That tells:

  • find an element with the .container class in the markup (at any nesting level);
  • select all elements with li tag (at any nesting level within .container);
  • in each of the li elements, select the first child element;
  • in the first child element, select all elements with a tag (at any nesting level);
  • filter only those a elements that contain href attribute;
  • iterate over the resulting collection of a elements and extract the values from thehref attribute;
  • write the received links to the JS array.

This code contains only 4 short lines but has a high instruction density.

It is worth noting that if cheerio does not return the required content fragments, check that the HTML markup received from the web server really contains what is needed.

Headless Browsers with Puppeteer

Headless browsers are used to simulate user actions on a page programmatically without downloading a GUI instance.

Using a headless browser consumes system resources in one way or another and increases the overall running time of the application. In addition, care must be taken to ensure that processes with browser instances do not remain open in the system, as their uncontrolled growth will bring down the entire server.

Of the “headless” ones, the most used is Chromium, managed using the Puppeteer library, and the most common reason for its appearance in the scraper code is a pop-up captcha (or a requirement to execute some kind of JS code before loading content). The browser receives the task from the captcha, waits for a solution, and sends a response with the solution to the web server. Only after that, the calling code receives HTML for parsing.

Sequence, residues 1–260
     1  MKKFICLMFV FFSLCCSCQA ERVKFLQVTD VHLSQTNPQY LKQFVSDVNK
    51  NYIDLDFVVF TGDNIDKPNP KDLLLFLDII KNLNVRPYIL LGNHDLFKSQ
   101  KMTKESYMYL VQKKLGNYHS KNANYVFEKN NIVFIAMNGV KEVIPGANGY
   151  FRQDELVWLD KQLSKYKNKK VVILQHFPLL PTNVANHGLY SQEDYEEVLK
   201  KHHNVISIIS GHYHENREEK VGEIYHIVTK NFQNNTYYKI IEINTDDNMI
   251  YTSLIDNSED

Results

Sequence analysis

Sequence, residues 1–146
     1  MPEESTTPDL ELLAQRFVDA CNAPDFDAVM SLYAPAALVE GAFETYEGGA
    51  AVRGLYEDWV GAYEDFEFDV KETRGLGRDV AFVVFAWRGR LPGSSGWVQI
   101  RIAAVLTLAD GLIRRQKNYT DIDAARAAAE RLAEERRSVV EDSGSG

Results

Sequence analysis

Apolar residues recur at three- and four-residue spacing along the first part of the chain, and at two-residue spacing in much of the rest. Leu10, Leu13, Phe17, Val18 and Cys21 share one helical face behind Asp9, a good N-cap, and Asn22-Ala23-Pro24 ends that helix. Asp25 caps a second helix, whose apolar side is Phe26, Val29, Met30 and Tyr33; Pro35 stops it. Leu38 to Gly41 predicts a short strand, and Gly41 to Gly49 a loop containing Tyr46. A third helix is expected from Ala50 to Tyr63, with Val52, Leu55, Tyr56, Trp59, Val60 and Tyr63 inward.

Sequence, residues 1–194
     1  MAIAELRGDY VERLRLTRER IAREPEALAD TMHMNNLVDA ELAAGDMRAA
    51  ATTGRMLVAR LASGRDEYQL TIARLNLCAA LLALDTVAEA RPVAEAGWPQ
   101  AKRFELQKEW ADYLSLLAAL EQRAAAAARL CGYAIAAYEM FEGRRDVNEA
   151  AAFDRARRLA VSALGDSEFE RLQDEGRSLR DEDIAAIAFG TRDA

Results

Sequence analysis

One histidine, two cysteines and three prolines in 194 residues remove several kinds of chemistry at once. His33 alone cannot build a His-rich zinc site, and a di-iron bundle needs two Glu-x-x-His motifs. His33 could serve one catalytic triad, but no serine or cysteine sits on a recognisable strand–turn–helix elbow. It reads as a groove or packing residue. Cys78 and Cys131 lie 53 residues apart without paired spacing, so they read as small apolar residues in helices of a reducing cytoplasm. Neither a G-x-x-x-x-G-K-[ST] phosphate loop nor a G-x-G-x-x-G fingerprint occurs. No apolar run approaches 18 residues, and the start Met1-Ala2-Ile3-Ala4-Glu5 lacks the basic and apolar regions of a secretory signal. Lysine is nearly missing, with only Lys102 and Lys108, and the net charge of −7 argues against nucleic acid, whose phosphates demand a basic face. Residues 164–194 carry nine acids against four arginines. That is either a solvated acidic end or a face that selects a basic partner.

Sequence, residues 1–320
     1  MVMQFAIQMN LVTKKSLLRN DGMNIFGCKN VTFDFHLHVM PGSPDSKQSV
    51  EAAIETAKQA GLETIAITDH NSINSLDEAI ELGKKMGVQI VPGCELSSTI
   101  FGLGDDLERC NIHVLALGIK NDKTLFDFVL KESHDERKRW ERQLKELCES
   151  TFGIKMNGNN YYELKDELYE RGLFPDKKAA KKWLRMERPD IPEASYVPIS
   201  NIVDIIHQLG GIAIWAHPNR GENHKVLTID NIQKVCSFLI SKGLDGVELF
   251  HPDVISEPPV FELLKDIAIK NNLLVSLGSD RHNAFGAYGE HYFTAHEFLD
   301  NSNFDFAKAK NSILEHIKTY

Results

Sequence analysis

Sometimes a headless browser is used to receive an authorization cookie and, in very rare cases, to load content by simulating mouse scrolling.

Using:

// puppeteer-service.js
const puppeteer = require('puppeteer');

module.exports = async () => {
try {
	const browser = await puppeteer.launch({
		args: ['--window-size=1920,1080'],
	  headless: process.env.NODE_ENV === 'PROD', // FALSE means you can see all performance during development
	});

	const page = await browser.newPage();
	await page.setUserAgent('any-user-agent-value');
	await page.goto('any-target-url', { waitUntil: ['domcontentloaded'] });
	await page.waitForSelector('any-selector');
	await page.type('input.email-input', username);
	await page.type('input.password-input', password);
	await page.click('button[value="Log in"]');
	await page.waitForTimeout(3000);

	return page.evaluate(
	  () => document.querySelector('.pagination').innerHTML,
  );
} catch (err) {
		// handling error
} finally {
		browser && await this.browser.close();